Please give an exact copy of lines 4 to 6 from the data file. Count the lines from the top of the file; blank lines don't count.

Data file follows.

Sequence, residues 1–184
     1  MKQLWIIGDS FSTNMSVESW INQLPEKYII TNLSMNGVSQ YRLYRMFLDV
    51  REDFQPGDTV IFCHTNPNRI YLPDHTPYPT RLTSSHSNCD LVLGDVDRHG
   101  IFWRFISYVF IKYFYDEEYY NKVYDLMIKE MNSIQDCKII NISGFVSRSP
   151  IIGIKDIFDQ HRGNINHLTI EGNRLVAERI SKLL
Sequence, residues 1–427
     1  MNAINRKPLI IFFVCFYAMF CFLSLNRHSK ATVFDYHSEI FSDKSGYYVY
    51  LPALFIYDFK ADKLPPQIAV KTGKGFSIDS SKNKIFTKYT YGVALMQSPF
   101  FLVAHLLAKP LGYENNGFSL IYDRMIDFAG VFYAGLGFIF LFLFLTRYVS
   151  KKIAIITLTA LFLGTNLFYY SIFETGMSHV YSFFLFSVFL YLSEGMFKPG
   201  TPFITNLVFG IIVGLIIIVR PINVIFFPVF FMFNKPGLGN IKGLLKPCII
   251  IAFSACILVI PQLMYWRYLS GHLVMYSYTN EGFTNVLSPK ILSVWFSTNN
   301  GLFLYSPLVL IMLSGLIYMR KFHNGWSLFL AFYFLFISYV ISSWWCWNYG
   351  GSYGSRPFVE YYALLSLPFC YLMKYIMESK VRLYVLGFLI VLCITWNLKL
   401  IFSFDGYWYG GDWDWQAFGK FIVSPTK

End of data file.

   101  IFWRFISYVF IKYFYDEEYY NKVYDLMIKE MNSIQDCKII NISGFVSRSP
   151  IIGIKDIFDQ HRGNINHLTI EGNRLVAERI SKLL
Sequence, residues 1–427